25 window dressing ideas: curtains, blinds, shutters & more!
Stylishly dressed windows are the icing on the cake for your interior schemes, so before you start shopping, read our handy guide to the different types of curtains, blinds and shutters
When it comes to window dressing, a few simple switches can make a huge impact. Finding the right style for you and your home will help maximise natural light, as well as provide sufficient shade when it’s needed. Whether you’re a fan of curtains, blinds or shutters, here’s our guide to giving your windows a great new look.
Window dressing ideas to get you inspired
Floor length curtains
Curtains that hang straight down give your room a crisp but cosy look. To get this neat effect, take your curtain measurement from the curtain rail to ½ an inch above the level of the floor or sill.
Don’t worry if your curtains look slightly short when you first put them up. Leave them to hang for a few days or give them a gentle steam. The creases will drop out and they’ll become their full length.
Breaking curtains touch the floor, giving the effect of ‘breaking’ the straight hanging line that you get with touching, or floor-length curtains. They’re perfect for rooms with larger windows as they help to insulate the room when they are closed, trapping warm air in and preventing draughts coming in from the windows.
To find the right length for these curtains, measure one or two inches longer than the length from the curtain rail to the floor.
Add a bit of drama to your scheme with sweeping length curtains. These curtains brush the floor and can be puffed out to create fullness at the bottom.
To measure for length, take your measurement from the top of the curtain rail to the floor, and add three to four inches. This length creates the same insulating benefits as breaking-length curtains, but with a more opulent look, so they’re great for older houses.
When these curtains are closed, grab a handful of the fabric, at about the height of your hip. Lift the curtain so that the edge is off the ground, then drop it straight down again. Work along the curtain, repeating the action at every half-metre or so. They’ll hang much straighter and you won’t get a draughty gap at the floor where the curtains meet.
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Make a real statement with these extra-long curtains. Puddling-length curtains look amazing made from taffeta and faux silk as the slight sheen on these fabrics emphasises the dramatic folds. Use matching tiebacks to help create elegant swags, or let the curtains fall straight to the floor for a modern look.
Although these curtains look amazing, they can also be quite high maintenance. If you’re opening and closing them every day the drape will need rearranging to make them look their best – whether they are open or closed.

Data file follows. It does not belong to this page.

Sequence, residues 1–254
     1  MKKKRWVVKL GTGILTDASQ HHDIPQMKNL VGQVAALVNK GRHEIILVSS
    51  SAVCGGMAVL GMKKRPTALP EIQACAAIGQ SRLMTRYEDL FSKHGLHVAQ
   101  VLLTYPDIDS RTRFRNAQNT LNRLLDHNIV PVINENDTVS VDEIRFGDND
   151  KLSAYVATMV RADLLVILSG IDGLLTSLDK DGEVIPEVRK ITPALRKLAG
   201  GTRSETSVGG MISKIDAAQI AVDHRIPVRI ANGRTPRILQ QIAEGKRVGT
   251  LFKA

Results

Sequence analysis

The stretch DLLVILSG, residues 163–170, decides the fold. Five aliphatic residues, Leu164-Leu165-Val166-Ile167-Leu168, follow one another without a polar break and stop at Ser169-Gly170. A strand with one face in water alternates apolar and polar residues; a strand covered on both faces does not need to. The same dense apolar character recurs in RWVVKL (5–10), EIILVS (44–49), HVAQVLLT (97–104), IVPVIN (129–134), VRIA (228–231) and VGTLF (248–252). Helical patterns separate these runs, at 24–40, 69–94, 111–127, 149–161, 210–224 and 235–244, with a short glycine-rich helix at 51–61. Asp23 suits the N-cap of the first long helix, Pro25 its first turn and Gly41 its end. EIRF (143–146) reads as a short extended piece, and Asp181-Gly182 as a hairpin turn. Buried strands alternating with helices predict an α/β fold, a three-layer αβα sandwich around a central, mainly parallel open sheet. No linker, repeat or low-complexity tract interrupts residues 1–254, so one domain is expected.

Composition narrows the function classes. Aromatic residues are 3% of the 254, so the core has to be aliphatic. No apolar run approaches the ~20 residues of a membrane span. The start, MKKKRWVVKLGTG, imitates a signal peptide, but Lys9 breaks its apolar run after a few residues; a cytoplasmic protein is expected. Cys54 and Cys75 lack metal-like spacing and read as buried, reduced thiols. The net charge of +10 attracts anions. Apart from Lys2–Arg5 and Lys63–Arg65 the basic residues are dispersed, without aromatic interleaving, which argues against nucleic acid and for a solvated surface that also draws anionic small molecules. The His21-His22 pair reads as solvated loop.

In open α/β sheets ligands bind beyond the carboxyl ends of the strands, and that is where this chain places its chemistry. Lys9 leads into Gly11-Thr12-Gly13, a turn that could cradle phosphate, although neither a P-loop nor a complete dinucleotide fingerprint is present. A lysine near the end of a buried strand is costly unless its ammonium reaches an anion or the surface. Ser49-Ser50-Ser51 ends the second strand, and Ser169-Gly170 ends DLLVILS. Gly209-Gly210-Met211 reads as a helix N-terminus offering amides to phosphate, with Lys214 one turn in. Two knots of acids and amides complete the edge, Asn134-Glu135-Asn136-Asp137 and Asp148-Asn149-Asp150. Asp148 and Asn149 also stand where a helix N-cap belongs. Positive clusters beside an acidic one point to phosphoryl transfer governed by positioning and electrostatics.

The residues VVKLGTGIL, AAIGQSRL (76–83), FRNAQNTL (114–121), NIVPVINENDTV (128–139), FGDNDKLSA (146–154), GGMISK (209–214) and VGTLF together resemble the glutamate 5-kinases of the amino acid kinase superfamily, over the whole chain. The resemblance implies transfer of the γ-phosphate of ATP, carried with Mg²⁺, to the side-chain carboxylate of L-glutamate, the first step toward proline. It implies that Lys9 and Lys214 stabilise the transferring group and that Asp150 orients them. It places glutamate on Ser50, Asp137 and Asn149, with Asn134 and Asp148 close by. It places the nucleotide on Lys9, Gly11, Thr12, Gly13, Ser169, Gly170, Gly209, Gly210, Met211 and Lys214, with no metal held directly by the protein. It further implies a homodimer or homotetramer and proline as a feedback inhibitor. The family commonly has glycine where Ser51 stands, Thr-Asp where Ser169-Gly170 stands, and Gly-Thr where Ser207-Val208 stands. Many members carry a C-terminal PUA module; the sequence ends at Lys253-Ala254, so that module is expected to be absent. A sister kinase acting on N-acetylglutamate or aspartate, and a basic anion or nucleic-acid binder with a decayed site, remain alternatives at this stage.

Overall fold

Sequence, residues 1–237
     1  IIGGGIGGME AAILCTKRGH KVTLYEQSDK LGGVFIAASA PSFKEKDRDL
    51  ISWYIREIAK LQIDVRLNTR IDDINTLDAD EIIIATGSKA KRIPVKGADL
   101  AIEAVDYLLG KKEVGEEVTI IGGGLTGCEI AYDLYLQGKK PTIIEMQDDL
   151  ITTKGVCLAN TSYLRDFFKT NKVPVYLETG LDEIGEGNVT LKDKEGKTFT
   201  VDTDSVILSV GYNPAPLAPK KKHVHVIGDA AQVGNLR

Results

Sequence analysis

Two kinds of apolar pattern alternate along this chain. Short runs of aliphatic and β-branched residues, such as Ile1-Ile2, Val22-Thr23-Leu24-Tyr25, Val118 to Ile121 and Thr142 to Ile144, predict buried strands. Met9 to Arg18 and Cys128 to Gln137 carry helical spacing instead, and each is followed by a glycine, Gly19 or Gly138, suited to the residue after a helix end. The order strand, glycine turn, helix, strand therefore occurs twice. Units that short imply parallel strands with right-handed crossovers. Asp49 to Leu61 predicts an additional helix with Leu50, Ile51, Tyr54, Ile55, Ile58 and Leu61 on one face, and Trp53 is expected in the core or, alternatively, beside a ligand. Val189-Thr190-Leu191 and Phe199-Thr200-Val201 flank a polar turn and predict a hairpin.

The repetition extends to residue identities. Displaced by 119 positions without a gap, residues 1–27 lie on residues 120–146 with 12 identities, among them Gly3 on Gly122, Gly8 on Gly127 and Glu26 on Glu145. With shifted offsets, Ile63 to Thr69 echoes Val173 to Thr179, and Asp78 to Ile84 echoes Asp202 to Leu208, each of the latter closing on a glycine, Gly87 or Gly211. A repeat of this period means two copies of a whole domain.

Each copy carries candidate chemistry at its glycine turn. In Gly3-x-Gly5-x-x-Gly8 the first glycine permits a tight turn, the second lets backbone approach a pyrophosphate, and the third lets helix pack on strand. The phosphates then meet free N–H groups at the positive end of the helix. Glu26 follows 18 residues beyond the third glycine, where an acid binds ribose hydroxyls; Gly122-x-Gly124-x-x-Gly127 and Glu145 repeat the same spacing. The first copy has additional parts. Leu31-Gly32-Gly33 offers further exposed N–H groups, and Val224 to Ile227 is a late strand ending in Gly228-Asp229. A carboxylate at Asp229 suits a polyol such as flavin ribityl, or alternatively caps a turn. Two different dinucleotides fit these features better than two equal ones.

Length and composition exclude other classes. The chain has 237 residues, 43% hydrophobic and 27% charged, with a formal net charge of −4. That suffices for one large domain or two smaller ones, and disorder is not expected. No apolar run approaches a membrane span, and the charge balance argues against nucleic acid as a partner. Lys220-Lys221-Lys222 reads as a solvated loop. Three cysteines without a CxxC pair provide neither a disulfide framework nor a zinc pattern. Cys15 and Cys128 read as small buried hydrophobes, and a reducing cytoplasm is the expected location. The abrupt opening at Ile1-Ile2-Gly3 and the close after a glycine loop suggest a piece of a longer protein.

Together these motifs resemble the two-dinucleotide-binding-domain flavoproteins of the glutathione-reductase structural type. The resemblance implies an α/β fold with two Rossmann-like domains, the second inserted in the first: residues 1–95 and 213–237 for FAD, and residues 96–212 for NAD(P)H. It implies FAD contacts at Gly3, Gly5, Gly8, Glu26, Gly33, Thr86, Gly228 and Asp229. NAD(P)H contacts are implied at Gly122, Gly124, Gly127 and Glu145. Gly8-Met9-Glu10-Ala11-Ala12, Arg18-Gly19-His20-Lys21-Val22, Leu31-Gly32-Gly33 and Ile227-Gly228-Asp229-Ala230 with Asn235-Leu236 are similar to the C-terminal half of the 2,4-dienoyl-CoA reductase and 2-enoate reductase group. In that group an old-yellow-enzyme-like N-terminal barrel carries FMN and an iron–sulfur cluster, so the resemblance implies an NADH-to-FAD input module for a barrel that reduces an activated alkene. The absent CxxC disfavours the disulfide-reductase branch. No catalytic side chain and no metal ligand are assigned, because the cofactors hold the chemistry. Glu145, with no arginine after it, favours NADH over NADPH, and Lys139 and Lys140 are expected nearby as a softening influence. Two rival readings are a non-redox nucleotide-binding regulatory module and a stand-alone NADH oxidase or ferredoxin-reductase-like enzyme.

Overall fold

Use the technique described for neatening up sweeping length curtains to help you to do this. If that all sounds like too much work, the trick is to use a double curtain rail. Hang a second pair of touching-length curtains behind the puddling curtains. These will be more convenient for everyday use, and you won’t need to disturb the folds of your puddling-length curtains for weeks.
For traditional-style short curtains, measure from the curtain rail to up to six inches below the window sill. This will give you enough length to tuck the closed curtains up onto the window sill.
Tucking the curtains up like this prevents draughts and stops heat loss from radiators that are placed under the window. The extra length will also balance out the width of the window, making it appear squarer.
Sheer curtains with decorative designs add a pretty detail that peeks out from behind thicker curtains. During the colder months you can also swap the sheers for thermal linings to keep your room cosy.
A double curtain rod also gives you extra control over your window coverings, allowing you to hang a pair of sheer curtains easily behind your opaque curtains. These sheers can easily be drawn and pushed back as you choose.
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Curtains add an air of luxury and create warmth and texture in a room. They’re a flexible option that suit most home styles. With hundreds of fabric choices, you can opt for coordinating products, like cushions and blinds, to pull a room scheme together. Different heading styles create different looks, from contemporary to traditional. Plus, different lining options give even more choice to the finished design.